Title
Monterey Bay Aquarium Research Institute
Marine Botany

Ulva title imageEcology

Distribution    Biotic Interactions    Nutrients    Bioindicators    

Biotic Interactions

Competition and animal interactions are evident in Southern Chile, where bands of Ulva are maintained by mollusk grazing.If there were no mollusks, Ulva would be outcompeted by Gymnogongrus and Mazzaella.In other parts of the world, if it were not for grazers, U. lactuca would be consistently outcompeted by Chondrus crispus.  

A potential Ulva grazer

Ulva are early-successional algae, quickly taking over new substrate on boulders that are cleared by storm disturbance.Ulva-barnacle communities are often the first to thrive in newly disturbed areas, and Ulva and its cousin Enteromorpha (also in the order Ulvales) are generally the first macroalgae to colonize open substrate.Their opportunistic success can be attributed to their simple morphologies and fecundity.Some species of Ulva are able to release spores daily.   In Ulva species, between 20 and 60% of their overall biomass can be allocated monthly to reproduction, depending on the season.So many reproductive cells in the water helps Ulva insure dispersal as well as mating.Sometimes the number of gametes or spores released can actually discolor the water and significantly increase the chlorophyll a concentration in the water column.Because of this, it has recently been hypothesized that marine macrophytes such as Ulva species might contribute food to the phytoplankton in addition to their traditional role in detritus-based food chains.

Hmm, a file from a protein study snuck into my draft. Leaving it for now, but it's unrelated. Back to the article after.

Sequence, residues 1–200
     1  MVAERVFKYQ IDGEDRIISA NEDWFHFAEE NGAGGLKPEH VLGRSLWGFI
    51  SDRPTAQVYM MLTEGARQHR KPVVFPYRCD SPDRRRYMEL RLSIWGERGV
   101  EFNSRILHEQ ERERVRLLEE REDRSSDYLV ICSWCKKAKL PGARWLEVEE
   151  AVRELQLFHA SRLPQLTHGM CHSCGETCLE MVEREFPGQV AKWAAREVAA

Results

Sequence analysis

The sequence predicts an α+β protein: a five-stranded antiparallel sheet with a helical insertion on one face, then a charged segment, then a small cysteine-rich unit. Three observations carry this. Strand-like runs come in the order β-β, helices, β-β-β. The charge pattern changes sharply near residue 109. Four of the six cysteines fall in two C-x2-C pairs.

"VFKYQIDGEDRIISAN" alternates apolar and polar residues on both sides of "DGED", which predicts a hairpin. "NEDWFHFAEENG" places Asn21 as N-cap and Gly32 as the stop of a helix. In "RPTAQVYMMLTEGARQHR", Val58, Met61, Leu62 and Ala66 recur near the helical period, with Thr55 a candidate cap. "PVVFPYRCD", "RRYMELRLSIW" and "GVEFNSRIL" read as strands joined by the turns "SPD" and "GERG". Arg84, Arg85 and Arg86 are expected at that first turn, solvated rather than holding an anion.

High rates of photosynthesis give reproductive Ulva cells the selective advantage of being able to subsidize high respiratory costs associated with motility, as well as the ability to grow rapidly upon attachment to the substrate.  Reproductive cells of Ulva fasciata have similar photosynthetic rates to adult vegetative cells, higher respiration rates, and increased irradiance.  Late successional species do not show such properties.Even low rates of photosynthesis in Ulva’s spores and gametes can extend their viability and dispersal range. Consequently, this contributes to their success over algae with shorter-lived or physiologically less competitive reproductive cells.  

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